My kneejerk reaction is to have subdivided tables by item type -- so you'd have the food table, the weapon table, the potion table, the weapon artifact table, etc. Then you could make a composite table with ease. All you need to know to make a selection is the size of the tables you're using, since that determines the range on the random number you generate.

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Separately, how do you decide on affix generation / item promotion? With v4 we still have the old distinction between 'normal' and 'good' objects for this, but presumably you'd have nothing so clumsy. Will it be an inherent property of the table, i.e. if a dagger as 200,000 entries, the last 50,000 have increasing numbers of affixes?
This I haven't given much thought to. Affix selection is a complicated procedure, and then of course there's the theme application. To be quite honest I'm not entirely clear on how the current system works, so figuring out a redesign on that will have to wait.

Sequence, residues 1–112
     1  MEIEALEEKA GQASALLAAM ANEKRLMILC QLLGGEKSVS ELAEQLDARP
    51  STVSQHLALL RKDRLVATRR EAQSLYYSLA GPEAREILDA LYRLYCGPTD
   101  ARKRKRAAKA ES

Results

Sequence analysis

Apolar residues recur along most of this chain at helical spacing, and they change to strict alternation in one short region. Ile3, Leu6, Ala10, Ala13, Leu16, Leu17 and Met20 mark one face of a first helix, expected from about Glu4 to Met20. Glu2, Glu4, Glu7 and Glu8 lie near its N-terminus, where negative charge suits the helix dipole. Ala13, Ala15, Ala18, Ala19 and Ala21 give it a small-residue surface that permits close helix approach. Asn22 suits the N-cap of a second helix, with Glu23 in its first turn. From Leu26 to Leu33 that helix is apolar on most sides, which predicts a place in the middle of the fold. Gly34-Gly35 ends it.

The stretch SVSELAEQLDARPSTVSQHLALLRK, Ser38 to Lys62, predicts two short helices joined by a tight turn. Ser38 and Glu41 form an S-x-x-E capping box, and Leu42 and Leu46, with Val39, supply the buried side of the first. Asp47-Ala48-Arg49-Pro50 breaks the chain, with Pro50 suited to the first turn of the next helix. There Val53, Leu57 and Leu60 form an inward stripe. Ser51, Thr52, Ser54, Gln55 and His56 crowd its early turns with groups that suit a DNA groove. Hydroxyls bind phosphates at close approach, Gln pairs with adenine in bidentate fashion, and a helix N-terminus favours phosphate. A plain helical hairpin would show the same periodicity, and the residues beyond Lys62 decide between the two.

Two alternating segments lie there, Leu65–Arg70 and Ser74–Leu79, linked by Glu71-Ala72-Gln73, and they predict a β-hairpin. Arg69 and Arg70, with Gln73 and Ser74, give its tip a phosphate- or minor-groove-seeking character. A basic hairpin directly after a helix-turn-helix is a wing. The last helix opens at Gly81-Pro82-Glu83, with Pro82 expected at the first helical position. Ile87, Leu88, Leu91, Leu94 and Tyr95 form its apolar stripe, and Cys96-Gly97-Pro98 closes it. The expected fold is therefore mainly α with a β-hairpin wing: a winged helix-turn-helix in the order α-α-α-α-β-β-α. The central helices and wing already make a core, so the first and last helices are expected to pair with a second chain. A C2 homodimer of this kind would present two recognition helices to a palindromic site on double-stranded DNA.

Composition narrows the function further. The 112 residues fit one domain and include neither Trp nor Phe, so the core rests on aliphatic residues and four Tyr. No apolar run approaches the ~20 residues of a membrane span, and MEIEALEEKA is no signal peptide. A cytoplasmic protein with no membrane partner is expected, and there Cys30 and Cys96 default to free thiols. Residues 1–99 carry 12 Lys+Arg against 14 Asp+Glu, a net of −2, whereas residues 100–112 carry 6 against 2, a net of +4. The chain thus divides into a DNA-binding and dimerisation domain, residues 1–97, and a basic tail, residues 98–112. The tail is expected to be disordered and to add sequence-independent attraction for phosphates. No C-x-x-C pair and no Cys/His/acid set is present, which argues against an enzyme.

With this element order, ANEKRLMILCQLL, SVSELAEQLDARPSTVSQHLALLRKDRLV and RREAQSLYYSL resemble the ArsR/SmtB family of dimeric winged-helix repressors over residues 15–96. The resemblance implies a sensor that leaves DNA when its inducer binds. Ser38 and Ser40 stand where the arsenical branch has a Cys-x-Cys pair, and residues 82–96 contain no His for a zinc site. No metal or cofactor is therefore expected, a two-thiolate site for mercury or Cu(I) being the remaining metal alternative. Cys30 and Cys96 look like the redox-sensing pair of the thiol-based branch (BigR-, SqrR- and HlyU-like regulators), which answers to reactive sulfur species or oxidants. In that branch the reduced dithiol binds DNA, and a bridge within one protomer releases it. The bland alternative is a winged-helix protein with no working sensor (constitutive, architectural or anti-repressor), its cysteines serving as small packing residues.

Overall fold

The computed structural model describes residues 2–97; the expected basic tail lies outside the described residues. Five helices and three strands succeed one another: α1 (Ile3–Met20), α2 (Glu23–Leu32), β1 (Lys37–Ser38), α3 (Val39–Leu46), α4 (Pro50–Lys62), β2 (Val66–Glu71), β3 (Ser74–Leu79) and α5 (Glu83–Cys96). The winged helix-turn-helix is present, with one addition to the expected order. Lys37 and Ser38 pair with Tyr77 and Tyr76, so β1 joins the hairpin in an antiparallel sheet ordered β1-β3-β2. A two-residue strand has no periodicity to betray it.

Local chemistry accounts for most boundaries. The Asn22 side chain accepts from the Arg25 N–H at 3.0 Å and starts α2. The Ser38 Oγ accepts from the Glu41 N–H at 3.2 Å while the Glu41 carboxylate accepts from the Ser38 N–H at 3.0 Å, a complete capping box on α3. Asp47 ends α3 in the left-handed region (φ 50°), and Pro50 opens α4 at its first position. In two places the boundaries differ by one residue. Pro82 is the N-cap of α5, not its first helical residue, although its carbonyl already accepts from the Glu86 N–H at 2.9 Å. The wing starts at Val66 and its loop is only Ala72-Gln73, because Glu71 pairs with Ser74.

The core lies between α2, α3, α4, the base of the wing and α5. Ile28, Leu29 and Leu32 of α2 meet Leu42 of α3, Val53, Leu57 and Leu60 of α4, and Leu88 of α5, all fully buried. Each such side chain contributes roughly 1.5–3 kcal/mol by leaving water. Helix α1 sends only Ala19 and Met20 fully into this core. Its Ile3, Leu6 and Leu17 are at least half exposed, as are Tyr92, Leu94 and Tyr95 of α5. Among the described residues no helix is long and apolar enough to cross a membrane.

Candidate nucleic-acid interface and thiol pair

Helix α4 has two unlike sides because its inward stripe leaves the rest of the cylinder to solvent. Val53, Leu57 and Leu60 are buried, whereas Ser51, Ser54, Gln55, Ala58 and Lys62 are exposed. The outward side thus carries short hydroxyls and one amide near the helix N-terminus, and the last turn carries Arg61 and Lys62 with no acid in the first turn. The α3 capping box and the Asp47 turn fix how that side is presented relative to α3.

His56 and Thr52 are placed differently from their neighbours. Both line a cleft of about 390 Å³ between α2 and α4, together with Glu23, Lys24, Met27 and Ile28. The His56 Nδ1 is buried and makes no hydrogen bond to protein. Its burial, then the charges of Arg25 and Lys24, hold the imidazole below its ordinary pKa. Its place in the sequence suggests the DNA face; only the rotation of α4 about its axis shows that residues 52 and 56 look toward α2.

In the meantime, you don't really need magical gear, right?

Oh, incidentally -- quoting your posts is kind of a pain because you don't put any newlines into 'em. I've noticed that the BB software here automatically puts in a minimum amount of vertical space between quoted text and non-quoted text (i.e. it adds newlines if you left them out of your post), so you may as well put them in.
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Old June 5, 2012, 18:28   #54
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Quote:
Originally Posted by Derakon View Post
My kneejerk reaction is to have subdivided tables by item type -- so you'd have the food table, the weapon table, the potion table, the weapon artifact table, etc. Then you could make a composite table with ease. All you need to know to make a selection is the size of the tables you're using, since that determines the range on the random number you generate.
That takes care of the type limitations, certainly. But I was hoping for a more generic solution, so that I can make drop profiles like:

- cannot drop anything heavier than 10lbs